Here is the evocative opening of the first in her Seven Fabulous Wonders series, ‘The Great Pyramid Robbery’, set in a magical ancient Egypt:
Senu sat cross-legged in the shade of an awning on the river bank with the other children from the hemetiu village, a limestone slate balanced across his sunburnt knees, a reed pen clutched in one sweaty hand. It was far too hot for serious work. The stink of open sewers and raw fish blew down from the plateau, mosquitoes swarmed, and dust from the building site got into everything.
I just love the vivid smells and sensations...
Katherine grew up in the wild, rocky counties of Devon and Cornwall with their brooding moors and rugged coasts. She gained a first class degree in mathematics from Bath University, and went on to work as a mathematician, computer programmer, racehorse groom and farm labourer - before her first novel, ‘Song Quest’, won the Branford Boase Award in 1999 and enabled her to fulfil her dream of becoming a full time writer.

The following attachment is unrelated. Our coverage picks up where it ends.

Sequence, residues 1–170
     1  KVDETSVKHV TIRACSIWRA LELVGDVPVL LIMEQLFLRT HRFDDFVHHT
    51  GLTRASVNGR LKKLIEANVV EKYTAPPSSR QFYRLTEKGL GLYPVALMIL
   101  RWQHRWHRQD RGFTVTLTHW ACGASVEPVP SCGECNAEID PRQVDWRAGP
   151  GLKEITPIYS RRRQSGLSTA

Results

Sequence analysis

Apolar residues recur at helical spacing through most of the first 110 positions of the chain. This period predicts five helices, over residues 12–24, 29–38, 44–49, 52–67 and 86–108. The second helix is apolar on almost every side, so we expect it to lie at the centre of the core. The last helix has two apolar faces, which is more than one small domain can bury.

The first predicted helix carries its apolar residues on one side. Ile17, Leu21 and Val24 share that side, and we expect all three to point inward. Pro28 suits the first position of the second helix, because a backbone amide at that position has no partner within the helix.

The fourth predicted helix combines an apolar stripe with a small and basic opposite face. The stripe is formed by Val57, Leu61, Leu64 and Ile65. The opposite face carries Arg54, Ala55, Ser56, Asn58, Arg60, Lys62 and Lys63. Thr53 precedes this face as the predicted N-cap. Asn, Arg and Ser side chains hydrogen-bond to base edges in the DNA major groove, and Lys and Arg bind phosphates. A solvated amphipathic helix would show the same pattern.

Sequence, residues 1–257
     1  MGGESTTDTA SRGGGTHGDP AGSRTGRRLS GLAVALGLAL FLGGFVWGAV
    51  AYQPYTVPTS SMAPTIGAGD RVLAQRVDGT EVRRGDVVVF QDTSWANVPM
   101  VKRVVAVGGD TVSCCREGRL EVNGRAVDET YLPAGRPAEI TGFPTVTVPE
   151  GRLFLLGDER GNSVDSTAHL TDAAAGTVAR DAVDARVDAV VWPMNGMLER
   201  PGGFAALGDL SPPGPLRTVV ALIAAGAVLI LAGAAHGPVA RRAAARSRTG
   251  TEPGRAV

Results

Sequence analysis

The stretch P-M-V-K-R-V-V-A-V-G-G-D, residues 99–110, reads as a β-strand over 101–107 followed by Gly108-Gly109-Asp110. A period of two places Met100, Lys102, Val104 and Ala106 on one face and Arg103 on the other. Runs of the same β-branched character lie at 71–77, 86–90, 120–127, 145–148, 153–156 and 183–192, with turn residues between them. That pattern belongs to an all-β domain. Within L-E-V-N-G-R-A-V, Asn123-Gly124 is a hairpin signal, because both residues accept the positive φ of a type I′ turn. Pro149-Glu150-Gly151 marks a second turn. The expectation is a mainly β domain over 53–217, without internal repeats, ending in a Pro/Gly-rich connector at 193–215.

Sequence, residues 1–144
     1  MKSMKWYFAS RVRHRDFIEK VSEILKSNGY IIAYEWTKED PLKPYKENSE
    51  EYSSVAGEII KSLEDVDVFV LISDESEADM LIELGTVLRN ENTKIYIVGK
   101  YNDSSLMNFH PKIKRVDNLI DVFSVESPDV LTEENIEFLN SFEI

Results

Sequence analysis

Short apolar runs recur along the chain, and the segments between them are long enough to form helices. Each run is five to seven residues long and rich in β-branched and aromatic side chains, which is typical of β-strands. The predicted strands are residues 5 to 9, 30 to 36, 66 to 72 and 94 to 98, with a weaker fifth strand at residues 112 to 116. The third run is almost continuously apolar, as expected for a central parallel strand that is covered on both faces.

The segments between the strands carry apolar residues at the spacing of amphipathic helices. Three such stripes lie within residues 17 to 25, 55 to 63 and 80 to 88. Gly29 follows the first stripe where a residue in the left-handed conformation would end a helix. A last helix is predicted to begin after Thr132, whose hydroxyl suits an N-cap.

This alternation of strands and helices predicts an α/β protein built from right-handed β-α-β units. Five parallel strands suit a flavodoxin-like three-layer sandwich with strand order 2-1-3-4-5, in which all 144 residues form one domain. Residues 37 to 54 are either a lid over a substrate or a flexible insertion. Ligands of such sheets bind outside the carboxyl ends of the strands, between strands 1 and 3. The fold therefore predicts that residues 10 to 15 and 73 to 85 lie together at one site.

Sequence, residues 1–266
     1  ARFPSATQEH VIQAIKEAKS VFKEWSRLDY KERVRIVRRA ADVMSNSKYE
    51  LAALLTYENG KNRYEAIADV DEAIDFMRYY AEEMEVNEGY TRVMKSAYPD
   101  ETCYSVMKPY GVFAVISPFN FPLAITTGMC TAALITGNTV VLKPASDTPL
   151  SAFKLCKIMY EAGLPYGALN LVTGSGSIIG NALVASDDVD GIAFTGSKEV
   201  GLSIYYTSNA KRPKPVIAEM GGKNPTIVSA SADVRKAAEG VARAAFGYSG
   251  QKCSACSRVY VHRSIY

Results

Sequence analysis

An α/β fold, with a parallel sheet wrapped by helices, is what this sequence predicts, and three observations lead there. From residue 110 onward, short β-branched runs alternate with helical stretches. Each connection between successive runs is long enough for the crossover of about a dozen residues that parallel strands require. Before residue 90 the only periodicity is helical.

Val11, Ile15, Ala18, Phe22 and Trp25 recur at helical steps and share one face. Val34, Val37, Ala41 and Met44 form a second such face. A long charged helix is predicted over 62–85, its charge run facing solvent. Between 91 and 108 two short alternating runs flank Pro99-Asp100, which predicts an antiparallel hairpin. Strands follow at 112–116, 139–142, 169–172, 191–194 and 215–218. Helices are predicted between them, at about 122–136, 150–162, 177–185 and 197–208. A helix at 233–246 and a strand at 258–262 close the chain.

If a writer’s life provides material for a writer’s work, such a varied background must be a bonus. It means that in her recent book ‘I Am the Great Horse’, the story of Alexander seen through the eyes of his warhorse Bucephalus ( ‘I am no black beauty!’) Katherine can draw upon her own close knowledge and love of horses. One-eyed Bucephalus is strong and macho – after all, he’s a stallion! – and his understanding of his human master Alexander’s deeds is both touchingly limited and slily illuminating. (Kings sending warlike messages to one another are, for Bucephalus, like stallions dropping fresh dung on top of an old pile, to obliterate another’s dominance.) Moreover, Bucephalus has senses beyond the human. He can see ghosts. As Alexander punishes a prisoner by having him dragged to death behind a chariot –